“Unstable Environment” by Marcia Collette

Author: Marcia Collette
Title: “Unstable Environment”
Pages: 250
Publisher: Parker Publishing
Misc: Marcia’s Blog & MySpace & FaceBook

Among shapeshifter literature the werewolves have been proclaimed as platinum superstars since the very beginning for their popularity in medieval lore as being cursed and torn between humanity and primal instincts. However demands in literature want a fresh angle, something fresh and a tad different. It’s high time cats take their spot in the limelight and Marcia Collette sides in her novel “Unstable Environment” with a new breed: werecheetahs.

Sinclair Duval’s life could never be defined as easy. With an alcoholic sister, Sinclair has sacrificed her career as a pilot to be a surrogate mother to her niece Nahla. Due to an accident in the amusement park “The Jungle Kingdom” Sinclair and Nahla are in a critical condition. The Triangle Coalition of werecheetahs, owners of the park, wants to cover up the whole mess to avoid publicity. Rio Velasquez, the healer for the Triangle Coalition, is called, but the only way to save Nahla is to turn her into a werecheetah herself. And so Sinclair is dragged into the world of shapeshifters and stuck in the middle of a conflict between the Triangle and Charlotte Coalitions. Nahla’s turning however is more complicated than anticipated since no one has ever turned a human so young. Back in the reality Sinclair has to prove herself as a better parent than Mina, her sister, avoid social services, nosy doctors and the police, all the while fearing that she might lose Nahla. Amidst all of this the chemistry between Sinclair and Rio is undeniable.

“Unstable Environment” is written in third person, the focus being mainly on Sinclair and Rio. Collette has defied the usual formula for a title in the paranormal romance or urban fantasy for that matter. For starters Sinclair unlike many other heroines in the same genres is a pilot and has nothing to do with law enforcement. Further on, again unlike most heroines Sinclair has no supernatural powers, heritage or skills for survival and has to learn to play the game, the hard way. Her best quality is the endurance of her mind and spirit during her clash with a whole new world, which is represented more as a horror show than something wondrous and enchanting.

Speaking of character design, Collette does something else altogether. The majority of heroines are fair, while Collette makes Sinclair Afro American. Yes, to some people that may be superficial, but the Afro American community has a specific mentality, way of talking and acting, subculture if you will and if that is too strong for people then a nuance of difference that can make a character truly unique. Since in literature that is the point to make a character a living individual in a reader’s mind and individuals are unique. Sinclair’s marital status is also interesting, she is a single mother-aunt figure and that is also not commonly used. The accent falls on the scorn of a mother figure and her strength in enduring the worst for the sake of her child. Plus children are usually left out in such dramatic scenes and plots, so this is also something new.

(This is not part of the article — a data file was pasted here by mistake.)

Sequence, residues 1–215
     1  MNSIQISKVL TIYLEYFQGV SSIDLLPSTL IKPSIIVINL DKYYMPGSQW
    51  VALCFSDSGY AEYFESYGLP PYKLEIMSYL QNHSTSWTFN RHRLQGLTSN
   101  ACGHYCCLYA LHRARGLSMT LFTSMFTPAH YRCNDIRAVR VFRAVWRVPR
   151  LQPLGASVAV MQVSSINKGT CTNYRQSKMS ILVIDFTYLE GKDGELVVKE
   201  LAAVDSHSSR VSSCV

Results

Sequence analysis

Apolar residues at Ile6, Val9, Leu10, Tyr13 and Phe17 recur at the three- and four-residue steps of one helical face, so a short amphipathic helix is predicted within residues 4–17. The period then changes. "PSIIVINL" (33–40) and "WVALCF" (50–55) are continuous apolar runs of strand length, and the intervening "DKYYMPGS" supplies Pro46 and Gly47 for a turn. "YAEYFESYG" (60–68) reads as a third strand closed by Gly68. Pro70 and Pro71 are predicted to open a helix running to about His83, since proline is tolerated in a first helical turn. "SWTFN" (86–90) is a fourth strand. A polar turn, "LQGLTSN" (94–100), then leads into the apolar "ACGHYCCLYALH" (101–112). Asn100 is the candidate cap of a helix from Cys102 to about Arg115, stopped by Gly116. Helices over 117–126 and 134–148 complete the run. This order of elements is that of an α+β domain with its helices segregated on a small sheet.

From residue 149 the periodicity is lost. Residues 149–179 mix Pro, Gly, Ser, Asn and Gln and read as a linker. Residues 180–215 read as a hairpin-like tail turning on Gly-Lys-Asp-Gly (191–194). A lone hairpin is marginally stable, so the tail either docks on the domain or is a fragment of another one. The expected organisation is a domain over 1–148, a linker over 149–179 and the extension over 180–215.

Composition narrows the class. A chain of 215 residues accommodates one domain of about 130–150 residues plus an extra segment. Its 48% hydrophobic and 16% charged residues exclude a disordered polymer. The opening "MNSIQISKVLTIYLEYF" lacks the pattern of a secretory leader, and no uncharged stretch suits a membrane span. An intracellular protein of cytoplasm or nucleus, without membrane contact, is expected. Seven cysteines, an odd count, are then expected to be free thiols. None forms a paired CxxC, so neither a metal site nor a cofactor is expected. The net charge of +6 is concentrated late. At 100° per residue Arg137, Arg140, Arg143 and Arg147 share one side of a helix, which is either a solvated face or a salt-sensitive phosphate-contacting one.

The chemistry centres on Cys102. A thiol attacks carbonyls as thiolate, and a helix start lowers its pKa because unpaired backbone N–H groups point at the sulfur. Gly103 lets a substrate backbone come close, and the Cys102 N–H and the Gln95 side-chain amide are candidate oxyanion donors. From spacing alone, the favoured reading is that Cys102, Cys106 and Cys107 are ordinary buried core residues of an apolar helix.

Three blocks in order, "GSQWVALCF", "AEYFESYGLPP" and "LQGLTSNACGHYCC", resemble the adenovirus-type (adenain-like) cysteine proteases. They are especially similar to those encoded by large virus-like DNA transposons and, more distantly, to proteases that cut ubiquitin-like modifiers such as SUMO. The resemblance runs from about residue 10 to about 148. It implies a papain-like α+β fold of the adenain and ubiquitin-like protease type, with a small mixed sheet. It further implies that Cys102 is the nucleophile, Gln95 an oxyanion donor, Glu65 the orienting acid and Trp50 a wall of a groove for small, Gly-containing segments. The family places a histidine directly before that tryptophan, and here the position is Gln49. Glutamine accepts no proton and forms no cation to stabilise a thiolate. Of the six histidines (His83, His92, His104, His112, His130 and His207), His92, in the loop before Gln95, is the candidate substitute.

Another plus is the connection between the real world and the fantastical introduced into the novel. Sometimes authors put too much work into world building and their plots are sucked and focused primarily on the supernatural, when these genres should use the mundane to contrast to the fantastical and power it up. Collette does exactly this by throwing serious problems we deal in our life like having abusive and self-destructive relatives, doing one’s best to raise a child and interact with the police.

However the novel feels underdeveloped, hard to get into because of that and understand fully the author’s intentions. 250 pages for such a dynamic concept don’t contribute as much and act against it. The novel reads too fast and it’s too dense. Main issue is the transition between Sinclair’s and Rio’s point of view. The shift happens somewhere between paragraphs and it occurs indistinguishably. There were times I felt lost about who was telling the story. The lack of length also leaves the characters underdeveloped as well. Not to mention how much tension is lost due to the same issue. 100 extra pages could have contributed nicely to digging deeper in the characters, follow how their relationship is born and grows from physical to emotional and indestructible.

“Unstable Environment” is a wonderful novel in its own right and it had promise, but a standard length for the titles in this genre (circa 350 – 400) would have improved the overall effect on the reader and increase the enjoyment from the experience.

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